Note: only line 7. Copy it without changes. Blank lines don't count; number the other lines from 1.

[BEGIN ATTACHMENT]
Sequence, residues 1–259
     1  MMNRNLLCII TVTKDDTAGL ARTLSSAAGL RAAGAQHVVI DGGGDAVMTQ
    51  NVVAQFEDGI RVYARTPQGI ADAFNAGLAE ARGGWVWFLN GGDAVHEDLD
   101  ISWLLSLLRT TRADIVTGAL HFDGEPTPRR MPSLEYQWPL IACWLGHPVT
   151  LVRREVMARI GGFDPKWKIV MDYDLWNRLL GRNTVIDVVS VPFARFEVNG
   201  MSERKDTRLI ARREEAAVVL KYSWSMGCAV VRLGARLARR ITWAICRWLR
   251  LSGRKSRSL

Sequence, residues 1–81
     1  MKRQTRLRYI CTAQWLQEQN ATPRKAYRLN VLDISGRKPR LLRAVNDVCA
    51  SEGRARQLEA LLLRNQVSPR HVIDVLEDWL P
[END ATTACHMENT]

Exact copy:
   251  LSGRKSRSL